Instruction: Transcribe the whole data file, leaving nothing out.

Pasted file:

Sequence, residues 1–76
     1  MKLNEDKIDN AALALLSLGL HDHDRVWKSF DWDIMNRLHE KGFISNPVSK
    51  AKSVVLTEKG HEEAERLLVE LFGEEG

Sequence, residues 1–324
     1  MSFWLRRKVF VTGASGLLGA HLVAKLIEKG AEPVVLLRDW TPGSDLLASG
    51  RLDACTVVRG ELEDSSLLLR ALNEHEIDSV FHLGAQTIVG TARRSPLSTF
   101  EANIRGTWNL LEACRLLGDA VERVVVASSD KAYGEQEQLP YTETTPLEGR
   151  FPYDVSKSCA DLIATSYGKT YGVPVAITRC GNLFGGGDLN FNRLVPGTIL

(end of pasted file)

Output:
Sequence, residues 1–76
     1  MKLNEDKIDN AALALLSLGL HDHDRVWKSF DWDIMNRLHE KGFISNPVSK
    51  AKSVVLTEKG HEEAERLLVE LFGEEG

Sequence, residues 1–324
     1  MSFWLRRKVF VTGASGLLGA HLVAKLIEKG AEPVVLLRDW TPGSDLLASG
    51  RLDACTVVRG ELEDSSLLLR ALNEHEIDSV FHLGAQTIVG TARRSPLSTF
   101  EANIRGTWNL LEACRLLGDA VERVVVASSD KAYGEQEQLP YTETTPLEGR
   151  FPYDVSKSCA DLIATSYGKT YGVPVAITRC GNLFGGGDLN FNRLVPGTIL